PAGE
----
So the final requirements for running Exchange 2010 UM on a supported virtualization platform is 4 processor cores (with no oversubscription) and 8 GB of memory.

In my design this saved the customer 184 GB of memory, worth spending some time on.

Friday, December 16, 2011 #

Today at one of my customers I ran into a strange issue after they changed their network subnet from 24 to 23 bits.

When troubleshooting this issue we found out that mostly the first ping from a xp/2003 system to the 2008 systems got a reply and afterwards some did some didn't. Especially hosts in the extended part of the subnet were unable to reply.

looking at the arp table on both sides showed us something strange on the 2008 systems.

the 2008 servers showed us a arp table like below: 00-21-55-f8-db-e4 dynamic 00-21-55-f8-db-e4 dynamic 00-19-bb-d6-b1-18 dynamic 64-31-50-1d-2a-a5 dynamic 00-21-55-f8-db-e4 dynamic 00-21-55-f8-db-e4 dynamic 5c-26-0a-02-42-81 dynamic 00-21-55-f8-db-e4 dynamic 00-1f-29-83-51-2d dynamic

When searching for the manufacturer of this mac address we found cisco as the source.

So to pin down the issue, the customer luckily had only 1 cisco device, we checked the device and found out it was the source of that mac address.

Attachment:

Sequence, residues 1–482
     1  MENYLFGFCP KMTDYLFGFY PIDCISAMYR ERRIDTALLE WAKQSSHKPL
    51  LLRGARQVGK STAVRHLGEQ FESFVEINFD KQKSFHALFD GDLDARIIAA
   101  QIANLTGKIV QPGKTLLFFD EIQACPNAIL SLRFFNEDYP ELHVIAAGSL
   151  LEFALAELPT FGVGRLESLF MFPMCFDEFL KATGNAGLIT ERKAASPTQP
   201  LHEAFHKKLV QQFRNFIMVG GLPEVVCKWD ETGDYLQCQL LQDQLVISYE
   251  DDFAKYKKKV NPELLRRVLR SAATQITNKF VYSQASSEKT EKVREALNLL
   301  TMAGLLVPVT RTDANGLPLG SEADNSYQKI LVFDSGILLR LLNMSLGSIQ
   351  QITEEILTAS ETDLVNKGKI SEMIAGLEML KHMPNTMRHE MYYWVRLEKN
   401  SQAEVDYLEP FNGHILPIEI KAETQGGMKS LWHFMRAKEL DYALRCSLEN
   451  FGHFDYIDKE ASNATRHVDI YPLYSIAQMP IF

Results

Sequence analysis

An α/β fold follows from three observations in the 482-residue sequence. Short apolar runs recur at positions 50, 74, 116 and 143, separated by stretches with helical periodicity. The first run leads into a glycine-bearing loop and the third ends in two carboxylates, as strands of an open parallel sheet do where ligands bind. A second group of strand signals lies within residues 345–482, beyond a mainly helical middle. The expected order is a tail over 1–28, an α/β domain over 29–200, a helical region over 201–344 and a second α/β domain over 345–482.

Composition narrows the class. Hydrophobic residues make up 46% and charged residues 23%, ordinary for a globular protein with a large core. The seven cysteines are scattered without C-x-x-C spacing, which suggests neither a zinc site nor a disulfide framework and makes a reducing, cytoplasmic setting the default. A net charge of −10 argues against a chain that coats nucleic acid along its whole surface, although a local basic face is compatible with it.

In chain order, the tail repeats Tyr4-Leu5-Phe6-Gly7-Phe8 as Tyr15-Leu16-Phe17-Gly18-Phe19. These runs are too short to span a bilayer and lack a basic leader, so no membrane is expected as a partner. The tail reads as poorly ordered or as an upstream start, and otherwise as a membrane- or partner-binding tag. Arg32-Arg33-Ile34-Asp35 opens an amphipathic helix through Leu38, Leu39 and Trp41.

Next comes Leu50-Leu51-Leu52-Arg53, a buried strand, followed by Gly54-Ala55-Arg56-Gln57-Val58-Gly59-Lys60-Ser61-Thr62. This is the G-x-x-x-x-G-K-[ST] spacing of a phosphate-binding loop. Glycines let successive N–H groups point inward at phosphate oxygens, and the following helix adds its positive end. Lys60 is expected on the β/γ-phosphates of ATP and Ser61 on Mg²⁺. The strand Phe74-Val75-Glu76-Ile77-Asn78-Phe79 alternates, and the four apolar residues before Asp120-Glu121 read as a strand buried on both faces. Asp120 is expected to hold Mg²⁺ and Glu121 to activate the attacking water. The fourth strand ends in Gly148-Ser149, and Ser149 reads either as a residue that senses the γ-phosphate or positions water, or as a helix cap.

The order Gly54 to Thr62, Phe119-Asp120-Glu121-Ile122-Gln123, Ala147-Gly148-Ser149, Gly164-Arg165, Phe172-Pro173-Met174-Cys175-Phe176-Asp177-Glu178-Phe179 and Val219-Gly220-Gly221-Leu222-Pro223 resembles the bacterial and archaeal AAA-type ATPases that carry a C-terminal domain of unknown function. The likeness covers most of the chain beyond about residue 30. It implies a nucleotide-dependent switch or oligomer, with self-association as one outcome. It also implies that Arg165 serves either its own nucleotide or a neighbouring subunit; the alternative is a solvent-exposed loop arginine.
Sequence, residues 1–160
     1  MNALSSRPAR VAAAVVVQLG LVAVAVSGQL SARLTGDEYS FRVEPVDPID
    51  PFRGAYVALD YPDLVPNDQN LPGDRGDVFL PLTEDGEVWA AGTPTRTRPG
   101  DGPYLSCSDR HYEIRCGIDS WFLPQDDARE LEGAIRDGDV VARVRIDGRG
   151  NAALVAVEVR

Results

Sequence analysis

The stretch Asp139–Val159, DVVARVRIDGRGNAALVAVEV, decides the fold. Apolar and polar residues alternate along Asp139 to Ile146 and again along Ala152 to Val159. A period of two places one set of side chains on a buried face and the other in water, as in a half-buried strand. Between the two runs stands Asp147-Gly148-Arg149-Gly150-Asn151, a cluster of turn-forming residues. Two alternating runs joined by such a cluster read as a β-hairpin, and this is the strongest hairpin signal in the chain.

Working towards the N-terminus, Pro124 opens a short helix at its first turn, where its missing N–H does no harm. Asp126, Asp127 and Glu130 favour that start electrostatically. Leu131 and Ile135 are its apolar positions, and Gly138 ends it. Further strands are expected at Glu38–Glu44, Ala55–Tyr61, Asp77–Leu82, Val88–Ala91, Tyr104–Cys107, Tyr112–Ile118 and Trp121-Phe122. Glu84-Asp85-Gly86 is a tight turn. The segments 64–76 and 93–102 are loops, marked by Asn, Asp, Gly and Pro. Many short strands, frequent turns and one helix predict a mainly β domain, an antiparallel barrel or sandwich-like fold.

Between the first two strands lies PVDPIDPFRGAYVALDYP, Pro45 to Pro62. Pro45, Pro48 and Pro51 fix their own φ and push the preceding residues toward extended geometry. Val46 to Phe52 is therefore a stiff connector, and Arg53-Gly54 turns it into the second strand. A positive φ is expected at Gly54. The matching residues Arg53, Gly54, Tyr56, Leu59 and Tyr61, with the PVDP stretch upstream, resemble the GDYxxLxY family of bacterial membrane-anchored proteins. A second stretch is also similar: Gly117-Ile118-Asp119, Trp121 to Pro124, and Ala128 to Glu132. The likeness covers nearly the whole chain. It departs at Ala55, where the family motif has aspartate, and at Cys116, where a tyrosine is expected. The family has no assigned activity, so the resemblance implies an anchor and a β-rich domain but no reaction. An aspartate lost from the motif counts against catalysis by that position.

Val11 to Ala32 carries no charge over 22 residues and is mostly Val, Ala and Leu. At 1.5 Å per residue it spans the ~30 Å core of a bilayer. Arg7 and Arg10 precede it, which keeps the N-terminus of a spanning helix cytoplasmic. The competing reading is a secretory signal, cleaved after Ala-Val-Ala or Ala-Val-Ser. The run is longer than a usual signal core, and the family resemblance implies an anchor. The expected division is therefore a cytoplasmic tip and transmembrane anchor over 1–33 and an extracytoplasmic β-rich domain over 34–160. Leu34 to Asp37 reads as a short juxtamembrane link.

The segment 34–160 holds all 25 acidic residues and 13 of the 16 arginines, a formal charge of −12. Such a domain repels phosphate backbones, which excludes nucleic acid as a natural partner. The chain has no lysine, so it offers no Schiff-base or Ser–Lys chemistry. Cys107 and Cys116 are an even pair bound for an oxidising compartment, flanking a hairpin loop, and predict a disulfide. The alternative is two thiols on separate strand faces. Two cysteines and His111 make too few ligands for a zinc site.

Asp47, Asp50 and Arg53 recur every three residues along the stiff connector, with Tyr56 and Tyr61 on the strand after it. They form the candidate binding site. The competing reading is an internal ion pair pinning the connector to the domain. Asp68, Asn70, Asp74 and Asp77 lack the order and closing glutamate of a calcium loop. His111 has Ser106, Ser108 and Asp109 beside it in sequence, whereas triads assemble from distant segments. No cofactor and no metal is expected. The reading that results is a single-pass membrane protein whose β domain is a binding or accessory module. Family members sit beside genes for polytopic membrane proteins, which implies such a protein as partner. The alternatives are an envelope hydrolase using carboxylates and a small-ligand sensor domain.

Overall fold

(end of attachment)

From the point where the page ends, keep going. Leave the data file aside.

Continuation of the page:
specific to this device was that it was not managed by the customer, but by a telecom provider. so this device wasn't updated with the new subnetmask.

so it looks like the arp request from 2008 is formulated differently than the xp/2003 arp request. which causes the Cisco device to reply with it's own mac as it is a router device that only knows about the first part of the subnet and not about the new one.

the solution was to disconnect the cisco until the provider has changed the subnet mask.

to make everything work quickly we cleared the arp table at all servers using arp -d.

Hope I can help anyone running into this issue with this post.

Sunday, January 16, 2011 #

My experience with the cloud and why work will change and not disappear.
Until now I have multiple experiences with the cloud, for the most good.
i have worked on multiple cloud solutions in the past but let me describe them as 0.x versions.
For me the 1st real serious cloud experience was a bit more than 1 year ago, when our company switched from an in house server to Microsoft BPOS as a complete replacement.
Since we are a small consultancy firm and don’t have that much else to do than consulting, our IT requirements are quite simple. We need Mail and Storage space for our documents.
With the in house server we had multiple outages during a year, mostly by lack of administering.